• school: the month of december brings exam time. first something called the Asset which is supposed to assess where the kids stand in the curriculum and compare to other schools. unfortunately there seems to only be a loose connection between the actual curriculum and that which the test is based on. but that’s the story of any teacher at home as well (think ISTEP here). the last week in december brought regular term exams, which means those of us in the LSC,¬†had to create our own individualized exams for our kiddos. luckily a chunk of them will be moving back to regular grade level work in January and therefore will be able to take the regular monthly exams their classmates take (if all goes as planned). also, we got the chance to have a little end of term celebration which was almost entirely organized by LSC students themselves. gave me that little taste of Christmas enjoyment that kids at home have… except that here Santa is referred to as “that Christmas thata” (thata= old man in Kannada).
  • home: on christmas eve, the family i stay with invited all of the people who work in the building (watchmen, maids, cooks, etc.) to bring their families for a nice Christmas lunch. it was really wonderful to meet the families of the people who i see every day, and great to see them being served food for once. everyone crowded into the apartment downstairs and ate on the floor the traditional indian way; on mats, eating with hands. it was a really great way to kick off Christmas! otherwise, i had a fairly quiet Christmas day and spent the evening Skyping with family members. we spent new years in and had a few friends over to celebrate and eat awesome¬†food!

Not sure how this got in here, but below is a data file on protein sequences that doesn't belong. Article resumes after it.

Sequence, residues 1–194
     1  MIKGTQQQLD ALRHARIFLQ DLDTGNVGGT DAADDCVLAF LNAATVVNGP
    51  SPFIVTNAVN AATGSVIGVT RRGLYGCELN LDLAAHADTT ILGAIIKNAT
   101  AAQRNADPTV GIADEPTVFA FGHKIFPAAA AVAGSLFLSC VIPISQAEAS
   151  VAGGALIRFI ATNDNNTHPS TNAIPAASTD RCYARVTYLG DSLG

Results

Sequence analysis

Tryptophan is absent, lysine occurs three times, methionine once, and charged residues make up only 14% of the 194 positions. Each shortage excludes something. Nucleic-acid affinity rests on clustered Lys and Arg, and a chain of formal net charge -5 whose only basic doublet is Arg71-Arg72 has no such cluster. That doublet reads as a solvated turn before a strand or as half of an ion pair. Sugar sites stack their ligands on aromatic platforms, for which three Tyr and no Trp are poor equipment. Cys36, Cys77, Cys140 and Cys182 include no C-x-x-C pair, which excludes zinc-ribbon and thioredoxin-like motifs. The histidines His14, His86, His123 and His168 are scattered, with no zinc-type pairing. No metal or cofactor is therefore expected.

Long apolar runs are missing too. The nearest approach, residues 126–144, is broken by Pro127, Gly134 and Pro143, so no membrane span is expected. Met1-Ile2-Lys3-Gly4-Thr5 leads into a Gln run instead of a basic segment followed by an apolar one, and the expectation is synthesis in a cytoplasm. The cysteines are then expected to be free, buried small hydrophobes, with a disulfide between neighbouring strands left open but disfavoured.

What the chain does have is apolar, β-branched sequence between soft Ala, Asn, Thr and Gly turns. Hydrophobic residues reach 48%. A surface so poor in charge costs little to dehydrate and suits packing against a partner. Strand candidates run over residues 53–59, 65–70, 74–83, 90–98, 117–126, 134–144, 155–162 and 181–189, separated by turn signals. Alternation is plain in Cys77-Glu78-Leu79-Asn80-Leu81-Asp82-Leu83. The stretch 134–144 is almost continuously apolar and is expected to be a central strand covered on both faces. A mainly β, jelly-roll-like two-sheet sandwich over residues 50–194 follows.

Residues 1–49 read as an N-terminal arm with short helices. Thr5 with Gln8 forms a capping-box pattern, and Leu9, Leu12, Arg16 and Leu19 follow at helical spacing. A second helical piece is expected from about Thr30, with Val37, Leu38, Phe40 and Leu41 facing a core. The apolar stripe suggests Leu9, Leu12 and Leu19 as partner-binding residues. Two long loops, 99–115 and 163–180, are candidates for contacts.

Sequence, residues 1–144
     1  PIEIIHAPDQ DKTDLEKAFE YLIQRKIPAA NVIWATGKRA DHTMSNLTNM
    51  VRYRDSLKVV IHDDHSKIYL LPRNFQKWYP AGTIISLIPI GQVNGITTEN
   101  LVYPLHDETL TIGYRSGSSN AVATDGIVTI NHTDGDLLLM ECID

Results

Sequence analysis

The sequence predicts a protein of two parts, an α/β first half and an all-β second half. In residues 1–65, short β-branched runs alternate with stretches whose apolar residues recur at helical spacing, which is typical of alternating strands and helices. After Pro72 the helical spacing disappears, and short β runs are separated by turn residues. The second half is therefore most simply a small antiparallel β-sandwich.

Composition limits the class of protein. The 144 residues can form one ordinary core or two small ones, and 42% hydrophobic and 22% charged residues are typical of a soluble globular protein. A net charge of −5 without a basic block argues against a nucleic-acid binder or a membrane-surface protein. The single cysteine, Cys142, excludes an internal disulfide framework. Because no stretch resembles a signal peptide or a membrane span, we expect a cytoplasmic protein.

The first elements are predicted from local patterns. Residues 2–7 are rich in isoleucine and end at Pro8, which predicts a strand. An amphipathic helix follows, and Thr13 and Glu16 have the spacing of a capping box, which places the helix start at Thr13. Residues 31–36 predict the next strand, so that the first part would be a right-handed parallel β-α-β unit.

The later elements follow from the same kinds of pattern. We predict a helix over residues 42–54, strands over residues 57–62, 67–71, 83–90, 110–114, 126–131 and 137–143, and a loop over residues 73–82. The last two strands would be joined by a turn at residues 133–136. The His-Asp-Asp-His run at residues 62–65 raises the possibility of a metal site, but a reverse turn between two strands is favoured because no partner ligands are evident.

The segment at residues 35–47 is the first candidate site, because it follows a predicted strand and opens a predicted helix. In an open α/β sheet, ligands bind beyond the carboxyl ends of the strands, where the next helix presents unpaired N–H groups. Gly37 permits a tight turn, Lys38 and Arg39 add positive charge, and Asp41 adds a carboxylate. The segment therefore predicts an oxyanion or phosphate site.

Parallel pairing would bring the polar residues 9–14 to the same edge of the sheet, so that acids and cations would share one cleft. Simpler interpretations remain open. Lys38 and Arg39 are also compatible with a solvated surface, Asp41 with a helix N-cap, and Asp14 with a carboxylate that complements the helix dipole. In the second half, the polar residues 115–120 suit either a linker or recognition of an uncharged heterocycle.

• outings: of course i couldn’t sit around the house for a whole week, so NC and i did go on a few outings. the highlight, i would say, was spending a couple of days visiting the hostel. we went once on Christmas Eve and saw all the decorations, then got to accompany the group to¬†Bannerghatta National Park (the zoo of Bangalore). otherwise, we met a few friends for dinner and tried to relax and put work out of our minds for the week.

the start of January has brought excitement for the quickly approaching CH Global Conference which is being held in Bangalore this year. the school is getting all prepared with performances and committee plans to make the visit a good one for all of our international colleagues and for Christel Ma’am herself¬†(as children so lovingly call her). i’m excited to see the various staff from around the world and to get the chance to see some familiar Indianapolis residents.

hope everyone is well and that the new year has brought new beginnings and a fresh start for all of you, many happy wishes for health and happiness!

vanakkam!
namaskara!
assalamu alaikum!
Sarah